My mouth will speak in praise of the Lord.
Let every creature praise his holy name
for ever and ever.
One of the reasons we read Psalms every year in our two-year reading plan is that it teaches us so much about prayer. It is not that we should copy the psalms, although reading them as our own is a valuable practice. As Charles Spurgeon says of this psalm, we should make our own music in prayer: “Let each Christian reader present his own praise unto the Lord, and call it by his own name. What a wealth of varied praise will thus be presented through Christ Jesus!”
For our reflection today we turn to the conclusion of the book we have often drawn prayers from for our Worldwide Prayer series, Hallowed be Your Name: A collection of prayers from around the world. The conclusion is written by the editor, Dr. Tony Cupit, and, similar to Spurgeon’s challenge, calls us to join our prayers musically in a worldwide, Spirit-empowered unity.
May it be so.
Reflection: Praying as Music
By Tony Cupit
If music is a universal language, prayer can be similarly described. Prayer is humankind’s universal language of love to God, a song of praise to our Maker, a cry of anguish for our sin, a note of pleading for our needs, an expression of thanksgiving for all God’s wondrous grace. And prayer is a whole lot more. We join as a fellowship of Christ’s followers to lift our hearts in prayer.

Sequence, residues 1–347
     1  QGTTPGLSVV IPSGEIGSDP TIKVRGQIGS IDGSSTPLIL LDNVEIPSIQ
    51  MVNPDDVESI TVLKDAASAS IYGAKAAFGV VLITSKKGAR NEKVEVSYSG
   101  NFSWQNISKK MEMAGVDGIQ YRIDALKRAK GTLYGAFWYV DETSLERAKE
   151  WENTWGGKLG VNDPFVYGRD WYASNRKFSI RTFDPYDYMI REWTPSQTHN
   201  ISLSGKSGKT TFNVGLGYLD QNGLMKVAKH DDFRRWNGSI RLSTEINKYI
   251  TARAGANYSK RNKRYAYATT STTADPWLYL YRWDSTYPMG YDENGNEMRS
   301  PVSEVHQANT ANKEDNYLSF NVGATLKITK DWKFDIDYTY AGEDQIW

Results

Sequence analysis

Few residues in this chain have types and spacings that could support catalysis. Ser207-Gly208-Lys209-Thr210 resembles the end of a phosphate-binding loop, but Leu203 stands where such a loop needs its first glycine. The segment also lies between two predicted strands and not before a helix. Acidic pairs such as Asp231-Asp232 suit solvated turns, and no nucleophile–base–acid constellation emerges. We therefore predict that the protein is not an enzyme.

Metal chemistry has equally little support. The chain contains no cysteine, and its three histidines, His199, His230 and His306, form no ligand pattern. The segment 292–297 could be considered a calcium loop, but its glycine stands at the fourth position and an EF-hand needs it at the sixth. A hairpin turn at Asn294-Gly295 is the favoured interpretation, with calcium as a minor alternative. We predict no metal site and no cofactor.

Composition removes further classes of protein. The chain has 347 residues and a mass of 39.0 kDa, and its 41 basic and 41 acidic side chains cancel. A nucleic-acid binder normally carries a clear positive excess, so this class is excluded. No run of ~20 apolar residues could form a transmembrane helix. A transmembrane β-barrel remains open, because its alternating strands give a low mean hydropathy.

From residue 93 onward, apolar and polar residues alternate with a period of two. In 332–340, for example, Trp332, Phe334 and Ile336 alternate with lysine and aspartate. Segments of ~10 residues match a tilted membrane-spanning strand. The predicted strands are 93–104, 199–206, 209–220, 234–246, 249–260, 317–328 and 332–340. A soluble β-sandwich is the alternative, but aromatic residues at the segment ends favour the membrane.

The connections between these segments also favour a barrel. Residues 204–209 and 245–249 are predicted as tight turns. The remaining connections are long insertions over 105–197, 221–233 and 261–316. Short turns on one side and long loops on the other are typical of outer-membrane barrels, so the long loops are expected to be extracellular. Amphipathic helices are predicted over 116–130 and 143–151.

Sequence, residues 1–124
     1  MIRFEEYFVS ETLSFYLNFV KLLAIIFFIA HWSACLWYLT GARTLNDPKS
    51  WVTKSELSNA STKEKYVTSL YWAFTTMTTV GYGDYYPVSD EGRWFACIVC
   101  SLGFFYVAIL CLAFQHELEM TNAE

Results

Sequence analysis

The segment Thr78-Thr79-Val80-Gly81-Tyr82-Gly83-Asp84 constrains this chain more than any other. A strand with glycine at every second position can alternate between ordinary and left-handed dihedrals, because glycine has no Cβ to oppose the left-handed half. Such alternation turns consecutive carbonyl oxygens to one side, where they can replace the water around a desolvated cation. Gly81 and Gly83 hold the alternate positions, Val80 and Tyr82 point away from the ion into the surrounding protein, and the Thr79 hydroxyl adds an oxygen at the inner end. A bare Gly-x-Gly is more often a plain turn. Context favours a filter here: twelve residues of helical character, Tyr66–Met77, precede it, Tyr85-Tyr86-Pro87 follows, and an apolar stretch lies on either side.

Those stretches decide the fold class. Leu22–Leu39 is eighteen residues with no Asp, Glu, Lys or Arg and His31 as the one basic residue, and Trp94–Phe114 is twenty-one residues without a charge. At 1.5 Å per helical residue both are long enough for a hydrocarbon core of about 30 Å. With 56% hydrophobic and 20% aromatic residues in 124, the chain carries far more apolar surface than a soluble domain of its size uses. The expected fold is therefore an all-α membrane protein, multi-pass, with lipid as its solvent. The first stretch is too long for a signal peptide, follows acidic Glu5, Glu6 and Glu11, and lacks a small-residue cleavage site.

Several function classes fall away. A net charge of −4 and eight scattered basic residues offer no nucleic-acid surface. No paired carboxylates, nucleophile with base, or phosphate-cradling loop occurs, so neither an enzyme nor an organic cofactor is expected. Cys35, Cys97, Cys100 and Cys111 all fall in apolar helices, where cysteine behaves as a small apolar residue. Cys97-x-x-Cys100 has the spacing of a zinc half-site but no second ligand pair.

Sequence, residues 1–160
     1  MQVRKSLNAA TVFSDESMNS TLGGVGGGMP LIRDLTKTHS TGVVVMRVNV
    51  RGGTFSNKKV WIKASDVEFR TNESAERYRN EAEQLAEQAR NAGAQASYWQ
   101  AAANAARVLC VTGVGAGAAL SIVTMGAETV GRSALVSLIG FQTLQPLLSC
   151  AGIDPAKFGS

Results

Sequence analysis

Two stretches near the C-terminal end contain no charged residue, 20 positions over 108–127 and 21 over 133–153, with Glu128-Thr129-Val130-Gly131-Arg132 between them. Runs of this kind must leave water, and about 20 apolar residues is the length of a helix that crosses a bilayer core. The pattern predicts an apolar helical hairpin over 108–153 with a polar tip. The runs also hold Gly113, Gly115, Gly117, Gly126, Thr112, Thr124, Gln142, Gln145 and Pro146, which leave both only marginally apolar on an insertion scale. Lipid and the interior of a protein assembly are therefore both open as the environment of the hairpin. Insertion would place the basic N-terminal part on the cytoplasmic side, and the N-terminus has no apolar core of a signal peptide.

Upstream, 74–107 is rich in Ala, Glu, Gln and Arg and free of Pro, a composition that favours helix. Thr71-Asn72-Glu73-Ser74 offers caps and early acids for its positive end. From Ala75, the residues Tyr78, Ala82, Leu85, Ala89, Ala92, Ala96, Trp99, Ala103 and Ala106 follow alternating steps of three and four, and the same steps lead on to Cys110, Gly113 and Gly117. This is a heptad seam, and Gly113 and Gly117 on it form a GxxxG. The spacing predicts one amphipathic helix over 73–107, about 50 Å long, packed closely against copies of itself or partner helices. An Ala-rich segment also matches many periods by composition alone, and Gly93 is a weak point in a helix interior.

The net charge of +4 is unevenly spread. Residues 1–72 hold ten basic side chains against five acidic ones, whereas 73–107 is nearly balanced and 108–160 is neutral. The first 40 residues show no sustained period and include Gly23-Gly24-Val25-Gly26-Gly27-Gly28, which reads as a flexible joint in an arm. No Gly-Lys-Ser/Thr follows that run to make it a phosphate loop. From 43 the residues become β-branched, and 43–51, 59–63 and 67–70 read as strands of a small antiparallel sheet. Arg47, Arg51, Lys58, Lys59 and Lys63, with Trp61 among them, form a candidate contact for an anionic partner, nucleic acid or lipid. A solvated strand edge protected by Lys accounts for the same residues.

And prayer produces a beautiful union, a harmony between God and humanity. Before we begin to sing our song of love to God in prayer, we realize that in an amazing way God is already waiting for us to speak, to listen, to pray. This interaction between God and us, we call prayer. And always this duet is part of a glorious symphony as we join our prayer to God with fellow believers.
All around the world, God’s people sing an anthem of praise to God. Prayers—songs of worship and praise—are offered in this booklet so we can all enjoy heavenly music, duets, ensembles, choirs, congregations, whose music soars heavenward. These become an expression of reverence, of awe and wonder, to our Creator God whose mystery is wonderfully intriguing, to God’s Son whose person is beautifully enchanting and to God’s Holy Spirit whose presence is fiercely challenging and gently reassuring.
Whether we pray as a duet, a trio, a quartet, or a choir, may our worship in prayer be harmonious, melodious, clear and constant—for it was Jesus who taught us to pray, “yours is the Kingdom, the power and the glory, forever and ever.”
*Excerpt from the conclusion of Hallowed be Your Name: A collection of prayers from around the world, Dr. Tony Cupit, Editor.
Prayer: The Refrain for the Morning Lessons
May you be blessed by the Lord, the maker of heaven and earth. — Psalm 124.8
– From The Divine Hours: Prayers for Summertime by Phyllis Tickle.
Joshua 12-13 (Listen – 8:18)
Psalm 145 (Listen – 2:19)
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When we read the Psalms, we observe masters at prayer. If we read with more than a passing glance we can see their technique well enough to improve our own.
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